But it would be impossible to make a full and complete list of all the candidates. Right now the Cubs likely have in excess of fifty players on their draft board, and they probably won’t make their choice until the last possible minute.
How to follow the draft
(In addition to the traditional view methods … )
Normally I’d say “make sure you are following me (@ltblaize) and Brett (@BleacherNation) on Twitter”, but this year neither Brett or I are likely to be all that active during the draft today or tomorrow. So… be sure to follow Michael (@Michael_Cerami) and Luis (@lcm1986) on Twitter as well as Brett and me. I’ll also have a recap of the day’s draft with a short analysis of each pick written up either this evening or early tomorrow morning, and Michael will be loading up a draft tracking article to keep an eye on the picks and provide a place for conversation once the big event gets underway today.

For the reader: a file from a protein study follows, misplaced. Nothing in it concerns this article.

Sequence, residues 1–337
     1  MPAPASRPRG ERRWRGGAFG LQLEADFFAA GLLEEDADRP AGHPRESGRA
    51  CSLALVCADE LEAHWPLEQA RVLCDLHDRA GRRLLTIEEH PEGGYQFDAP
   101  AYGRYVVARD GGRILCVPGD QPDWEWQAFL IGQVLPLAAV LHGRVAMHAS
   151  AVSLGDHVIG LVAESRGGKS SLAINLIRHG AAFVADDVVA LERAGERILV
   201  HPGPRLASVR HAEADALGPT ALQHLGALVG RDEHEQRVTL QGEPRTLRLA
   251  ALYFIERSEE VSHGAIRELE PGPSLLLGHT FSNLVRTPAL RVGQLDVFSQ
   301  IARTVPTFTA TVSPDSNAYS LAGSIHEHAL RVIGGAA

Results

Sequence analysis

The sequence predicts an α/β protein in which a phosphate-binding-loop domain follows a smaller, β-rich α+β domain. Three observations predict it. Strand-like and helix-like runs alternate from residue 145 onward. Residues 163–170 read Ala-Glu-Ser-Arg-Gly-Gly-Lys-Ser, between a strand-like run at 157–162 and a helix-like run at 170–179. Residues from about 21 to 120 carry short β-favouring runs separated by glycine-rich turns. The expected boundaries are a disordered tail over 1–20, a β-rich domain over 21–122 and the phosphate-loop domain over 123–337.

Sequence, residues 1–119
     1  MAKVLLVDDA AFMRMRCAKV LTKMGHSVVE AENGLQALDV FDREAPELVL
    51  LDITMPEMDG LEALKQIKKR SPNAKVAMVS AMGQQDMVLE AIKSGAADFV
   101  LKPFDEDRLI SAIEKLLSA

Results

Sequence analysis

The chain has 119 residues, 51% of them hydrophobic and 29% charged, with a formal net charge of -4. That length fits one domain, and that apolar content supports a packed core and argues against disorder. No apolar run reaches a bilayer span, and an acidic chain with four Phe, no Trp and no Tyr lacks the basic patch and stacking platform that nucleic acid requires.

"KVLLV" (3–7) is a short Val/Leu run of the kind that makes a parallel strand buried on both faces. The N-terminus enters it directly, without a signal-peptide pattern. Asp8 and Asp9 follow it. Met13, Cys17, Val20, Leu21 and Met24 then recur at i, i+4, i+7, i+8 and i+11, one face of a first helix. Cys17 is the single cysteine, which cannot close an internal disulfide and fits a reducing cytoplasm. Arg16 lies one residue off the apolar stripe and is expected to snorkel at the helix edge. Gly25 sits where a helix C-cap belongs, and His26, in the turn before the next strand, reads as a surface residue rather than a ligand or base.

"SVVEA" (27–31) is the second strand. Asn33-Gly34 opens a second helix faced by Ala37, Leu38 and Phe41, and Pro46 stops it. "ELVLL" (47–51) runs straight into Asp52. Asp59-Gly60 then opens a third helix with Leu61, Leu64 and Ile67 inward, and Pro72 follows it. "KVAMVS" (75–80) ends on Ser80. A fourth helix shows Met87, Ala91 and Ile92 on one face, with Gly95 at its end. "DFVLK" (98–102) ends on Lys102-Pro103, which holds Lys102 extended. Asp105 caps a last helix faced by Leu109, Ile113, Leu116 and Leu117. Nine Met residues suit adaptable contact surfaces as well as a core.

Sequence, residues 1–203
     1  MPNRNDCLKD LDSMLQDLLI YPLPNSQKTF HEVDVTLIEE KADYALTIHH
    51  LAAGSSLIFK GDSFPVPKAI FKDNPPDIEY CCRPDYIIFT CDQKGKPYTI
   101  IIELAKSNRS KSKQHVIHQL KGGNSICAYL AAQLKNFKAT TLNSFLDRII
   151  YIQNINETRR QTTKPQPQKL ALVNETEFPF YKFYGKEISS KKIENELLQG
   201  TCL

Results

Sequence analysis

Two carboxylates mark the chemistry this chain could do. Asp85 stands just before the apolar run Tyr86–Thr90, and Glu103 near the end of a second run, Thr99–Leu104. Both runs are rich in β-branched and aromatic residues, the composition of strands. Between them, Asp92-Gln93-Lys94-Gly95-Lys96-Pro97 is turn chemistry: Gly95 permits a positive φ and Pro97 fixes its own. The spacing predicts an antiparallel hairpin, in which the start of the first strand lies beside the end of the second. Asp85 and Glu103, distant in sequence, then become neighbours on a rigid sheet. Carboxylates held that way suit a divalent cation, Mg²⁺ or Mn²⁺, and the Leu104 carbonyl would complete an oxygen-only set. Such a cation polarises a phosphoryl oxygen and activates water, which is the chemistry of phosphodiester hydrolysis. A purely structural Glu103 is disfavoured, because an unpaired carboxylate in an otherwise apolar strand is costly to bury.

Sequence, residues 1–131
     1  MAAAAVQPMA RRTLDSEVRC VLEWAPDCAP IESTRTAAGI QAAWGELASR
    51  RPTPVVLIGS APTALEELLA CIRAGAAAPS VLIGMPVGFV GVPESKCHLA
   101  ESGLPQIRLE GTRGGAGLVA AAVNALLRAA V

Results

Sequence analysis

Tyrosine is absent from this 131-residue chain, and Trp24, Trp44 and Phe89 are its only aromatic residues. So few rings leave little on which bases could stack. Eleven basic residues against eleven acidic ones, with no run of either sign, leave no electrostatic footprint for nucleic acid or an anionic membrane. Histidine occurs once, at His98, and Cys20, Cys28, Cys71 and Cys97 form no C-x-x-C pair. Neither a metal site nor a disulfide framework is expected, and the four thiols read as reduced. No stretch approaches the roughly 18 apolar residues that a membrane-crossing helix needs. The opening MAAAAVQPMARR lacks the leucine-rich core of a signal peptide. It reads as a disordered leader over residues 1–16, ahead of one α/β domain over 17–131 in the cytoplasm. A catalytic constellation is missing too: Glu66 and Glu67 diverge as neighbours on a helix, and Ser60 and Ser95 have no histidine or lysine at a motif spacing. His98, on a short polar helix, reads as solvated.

In other words, stick close to Bleacher Nation and you’ll be in good shape.
There are a ton of good draft day Twitter follows as well, too many to list here. At a minimum, make sure you are following Keith Law, Jim Callis, Michael Lananna, Jonathan Mayo, John Manuel, JJ Cooper, Aaron Fitt, and Nathan Rode. You’ll see that crew retweet plenty of more good follows into your timeline during the day, and before long you’ll have an 80 grade draft Twitter of your very own.